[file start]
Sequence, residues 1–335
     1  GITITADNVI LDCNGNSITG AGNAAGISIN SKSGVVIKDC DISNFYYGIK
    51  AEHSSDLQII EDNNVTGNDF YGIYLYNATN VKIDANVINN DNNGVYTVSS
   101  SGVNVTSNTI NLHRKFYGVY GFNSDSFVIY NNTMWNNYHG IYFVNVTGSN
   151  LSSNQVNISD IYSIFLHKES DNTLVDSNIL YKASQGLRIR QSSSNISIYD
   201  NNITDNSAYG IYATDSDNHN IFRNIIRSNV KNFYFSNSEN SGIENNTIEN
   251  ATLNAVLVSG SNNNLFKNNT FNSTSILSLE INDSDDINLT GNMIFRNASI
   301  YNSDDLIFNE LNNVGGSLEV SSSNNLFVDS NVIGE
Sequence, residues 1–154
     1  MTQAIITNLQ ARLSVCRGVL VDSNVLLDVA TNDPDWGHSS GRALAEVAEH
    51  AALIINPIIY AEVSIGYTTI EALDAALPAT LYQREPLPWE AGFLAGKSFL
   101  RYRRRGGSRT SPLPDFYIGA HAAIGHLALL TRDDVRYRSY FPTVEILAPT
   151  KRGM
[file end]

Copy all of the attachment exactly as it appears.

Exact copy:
Sequence, residues 1–335
     1  GITITADNVI LDCNGNSITG AGNAAGISIN SKSGVVIKDC DISNFYYGIK
    51  AEHSSDLQII EDNNVTGNDF YGIYLYNATN VKIDANVINN DNNGVYTVSS
   101  SGVNVTSNTI NLHRKFYGVY GFNSDSFVIY NNTMWNNYHG IYFVNVTGSN
   151  LSSNQVNISD IYSIFLHKES DNTLVDSNIL YKASQGLRIR QSSSNISIYD
   201  NNITDNSAYG IYATDSDNHN IFRNIIRSNV KNFYFSNSEN SGIENNTIEN
   251  ATLNAVLVSG SNNNLFKNNT FNSTSILSLE INDSDDINLT GNMIFRNASI
   301  YNSDDLIFNE LNNVGGSLEV SSSNNLFVDS NVIGE
Sequence, residues 1–154
     1  MTQAIITNLQ ARLSVCRGVL VDSNVLLDVA TNDPDWGHSS GRALAEVAEH
    51  AALIINPIIY AEVSIGYTTI EALDAALPAT LYQREPLPWE AGFLAGKSFL
   101  RYRRRGGSRT SPLPDFYIGA HAAIGHLALL TRDDVRYRSY FPTVEILAPT
   151  KRGM